Md. police departments to get sniper crisis aid

But Justice Department slights Arundel, Howard

January 31, 2003|By Julie Bykowicz | Julie Bykowicz,SUN STAFF

Maryland police departments will receive nearly $1 million in federal assistance to offset costs associated with the October sniper shootings, but Anne Arundel and Howard counties - which tallied half a million dollars in overtime as they monitored schools and roads during the crisis - apparently won't get a penny.

"I'm disappointed," said Anne Arundel County Police Chief P. Thomas Shanahan. "This wasn't cheap or easy for us to do. We were hoping for some federal help."

Five Maryland police departments, 21 in Virginia and one in Washington will divide the $2.5 million Justice Department reimbursement. Many of those agencies learned yesterday about the aid, which is about 58 percent of what they requested.

Washington-area police departments mobilized hundreds of officers Oct. 3, when four people in Montgomery County and one in Washington were killed by sniper shootings.

Four days later, when a 13-year-old boy was wounded outside Benjamin Tasker Middle School in Bowie, Maryland counties as far north as Harford beefed up security outside schools. Eventually, 13 people were shot, 10 fatally, before two suspects were arrested Oct. 24.

Every jurisdiction where a shooting took place will receive money, as will some departments that provided support during the investigation.

Others will receive nothing, however. Shanahan's department estimated its overtime expense at $161,000 - about 4,800 hours - mainly resulting from protecting schools, scouting for suspects and assisting with roadblocks. The county line is about five miles from the site of the sniper shooting Oct. 7 at the Bowie middle school.

Anne Arundel County Police Department officials said they were never told that the Justice Department money was available.

A spokeswoman for Sen. George F. Allen, a Virginia Republican who is one of the four U.S. senators from Maryland and Virginia who wrote a letter in October requesting the federal assistance, said only departments directly involved in the sniper investigation are being compensated.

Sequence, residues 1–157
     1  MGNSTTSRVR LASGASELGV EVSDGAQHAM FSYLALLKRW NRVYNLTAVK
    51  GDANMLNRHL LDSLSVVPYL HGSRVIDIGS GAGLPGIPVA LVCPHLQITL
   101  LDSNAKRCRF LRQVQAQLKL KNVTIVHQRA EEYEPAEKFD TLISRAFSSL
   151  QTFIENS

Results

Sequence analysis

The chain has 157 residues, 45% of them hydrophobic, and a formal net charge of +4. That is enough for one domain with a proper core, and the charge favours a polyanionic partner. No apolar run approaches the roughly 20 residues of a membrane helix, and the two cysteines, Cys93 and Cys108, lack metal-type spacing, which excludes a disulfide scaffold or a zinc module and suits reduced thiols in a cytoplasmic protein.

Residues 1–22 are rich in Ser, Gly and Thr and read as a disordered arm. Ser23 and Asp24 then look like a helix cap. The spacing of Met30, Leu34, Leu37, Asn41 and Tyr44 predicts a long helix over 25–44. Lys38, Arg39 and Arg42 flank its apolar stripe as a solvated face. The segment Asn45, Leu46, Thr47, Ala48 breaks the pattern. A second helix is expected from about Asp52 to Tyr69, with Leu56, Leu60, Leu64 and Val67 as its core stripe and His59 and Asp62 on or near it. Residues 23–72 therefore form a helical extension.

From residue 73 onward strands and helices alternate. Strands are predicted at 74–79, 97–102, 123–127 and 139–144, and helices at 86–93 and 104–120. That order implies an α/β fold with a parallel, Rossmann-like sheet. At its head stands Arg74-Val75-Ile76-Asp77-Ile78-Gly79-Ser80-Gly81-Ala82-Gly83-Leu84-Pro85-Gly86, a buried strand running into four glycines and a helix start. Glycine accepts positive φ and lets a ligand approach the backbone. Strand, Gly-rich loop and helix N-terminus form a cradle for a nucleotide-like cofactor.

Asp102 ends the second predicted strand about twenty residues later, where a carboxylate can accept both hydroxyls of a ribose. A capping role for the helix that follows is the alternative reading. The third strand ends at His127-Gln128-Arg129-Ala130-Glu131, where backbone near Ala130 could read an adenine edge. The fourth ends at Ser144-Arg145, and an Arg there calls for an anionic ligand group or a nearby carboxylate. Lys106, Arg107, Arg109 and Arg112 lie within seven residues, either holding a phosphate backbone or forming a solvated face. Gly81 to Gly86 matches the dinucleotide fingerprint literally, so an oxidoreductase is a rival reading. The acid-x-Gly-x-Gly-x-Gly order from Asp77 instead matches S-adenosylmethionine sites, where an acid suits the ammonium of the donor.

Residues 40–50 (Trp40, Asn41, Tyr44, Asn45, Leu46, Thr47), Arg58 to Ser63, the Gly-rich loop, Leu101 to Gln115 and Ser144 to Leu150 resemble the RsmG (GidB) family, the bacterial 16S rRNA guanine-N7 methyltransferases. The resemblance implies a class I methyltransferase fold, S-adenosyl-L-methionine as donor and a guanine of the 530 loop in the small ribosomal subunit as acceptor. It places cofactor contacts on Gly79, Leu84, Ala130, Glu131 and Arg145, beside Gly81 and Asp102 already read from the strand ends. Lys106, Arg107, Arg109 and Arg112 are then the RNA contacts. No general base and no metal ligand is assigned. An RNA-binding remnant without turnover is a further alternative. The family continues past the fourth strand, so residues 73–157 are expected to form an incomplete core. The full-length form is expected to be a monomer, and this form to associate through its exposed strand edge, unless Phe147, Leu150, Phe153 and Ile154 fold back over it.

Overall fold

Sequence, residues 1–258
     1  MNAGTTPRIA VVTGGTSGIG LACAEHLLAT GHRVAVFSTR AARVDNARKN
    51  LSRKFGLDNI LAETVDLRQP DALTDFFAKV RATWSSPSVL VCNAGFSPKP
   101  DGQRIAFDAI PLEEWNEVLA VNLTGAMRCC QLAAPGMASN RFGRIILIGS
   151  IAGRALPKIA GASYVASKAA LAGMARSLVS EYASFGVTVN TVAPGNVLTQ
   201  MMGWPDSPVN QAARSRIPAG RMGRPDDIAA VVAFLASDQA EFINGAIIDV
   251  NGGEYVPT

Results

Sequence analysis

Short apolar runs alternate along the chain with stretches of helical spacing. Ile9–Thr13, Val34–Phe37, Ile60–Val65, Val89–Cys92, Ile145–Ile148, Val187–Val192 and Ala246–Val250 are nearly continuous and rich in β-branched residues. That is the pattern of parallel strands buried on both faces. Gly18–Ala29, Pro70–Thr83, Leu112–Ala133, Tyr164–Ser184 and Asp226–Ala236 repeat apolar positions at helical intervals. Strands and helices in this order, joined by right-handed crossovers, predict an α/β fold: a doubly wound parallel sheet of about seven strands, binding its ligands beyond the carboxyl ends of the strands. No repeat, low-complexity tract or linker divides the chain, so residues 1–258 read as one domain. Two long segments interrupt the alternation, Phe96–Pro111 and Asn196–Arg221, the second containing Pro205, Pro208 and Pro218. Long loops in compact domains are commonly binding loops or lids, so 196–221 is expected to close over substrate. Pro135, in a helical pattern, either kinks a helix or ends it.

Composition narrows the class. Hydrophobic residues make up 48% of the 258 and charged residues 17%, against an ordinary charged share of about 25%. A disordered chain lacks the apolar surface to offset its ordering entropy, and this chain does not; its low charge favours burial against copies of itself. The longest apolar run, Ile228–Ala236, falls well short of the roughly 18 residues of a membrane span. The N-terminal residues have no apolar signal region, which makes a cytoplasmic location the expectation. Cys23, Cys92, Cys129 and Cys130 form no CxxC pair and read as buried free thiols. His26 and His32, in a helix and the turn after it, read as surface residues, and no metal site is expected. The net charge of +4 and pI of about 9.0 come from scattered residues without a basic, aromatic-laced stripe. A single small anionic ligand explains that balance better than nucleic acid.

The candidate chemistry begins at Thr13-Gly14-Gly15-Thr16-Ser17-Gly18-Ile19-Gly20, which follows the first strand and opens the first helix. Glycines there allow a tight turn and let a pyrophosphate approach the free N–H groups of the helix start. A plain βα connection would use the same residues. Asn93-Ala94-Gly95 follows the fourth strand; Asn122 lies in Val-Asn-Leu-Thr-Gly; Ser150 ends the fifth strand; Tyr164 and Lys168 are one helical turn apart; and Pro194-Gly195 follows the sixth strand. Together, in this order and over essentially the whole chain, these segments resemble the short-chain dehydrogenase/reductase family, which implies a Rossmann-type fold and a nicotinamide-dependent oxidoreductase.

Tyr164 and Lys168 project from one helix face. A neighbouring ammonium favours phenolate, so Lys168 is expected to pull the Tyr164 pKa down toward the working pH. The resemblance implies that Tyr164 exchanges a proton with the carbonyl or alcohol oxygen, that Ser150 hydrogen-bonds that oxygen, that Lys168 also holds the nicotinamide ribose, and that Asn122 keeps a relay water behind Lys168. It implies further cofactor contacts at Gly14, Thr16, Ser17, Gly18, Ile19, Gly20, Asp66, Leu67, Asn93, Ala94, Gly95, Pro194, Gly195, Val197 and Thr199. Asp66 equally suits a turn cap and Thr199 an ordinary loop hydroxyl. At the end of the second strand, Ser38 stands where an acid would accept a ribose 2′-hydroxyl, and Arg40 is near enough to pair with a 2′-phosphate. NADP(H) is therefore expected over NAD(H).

After receiving the letter, the Justice Department asked the governors' offices of the two states to submit overtime tallies for the operation.

George R. Ludington, communications manager for the Governor's Office of Crime Control and Prevention in Maryland, said his office was told by the Justice Department which jurisdictions should submit overtime expenses.

"We offered to ask about others, and they said no," Ludington said.

Virginia Secretary of Public Safety John Marshall said all localities involved in sniper-related activities were asked to submit their overtime expenses.

"Because it was such a coordinated effort, we had very good knowledge about which agencies helped out," Marshall said. "We made sure to reach out to them."

The largest amount in either state will go to Montgomery County, where six shootings took place and which was the hub of what became an international investigation. Montgomery will be reimbursed about $602,000.

The Fairfax County, Va. police will get the next-highest amount, $250,000 less than Montgomery.

Prince George's County is to receive $231,000.

Sun staff writers Ryan Davis and Jason Song contributed to this article.

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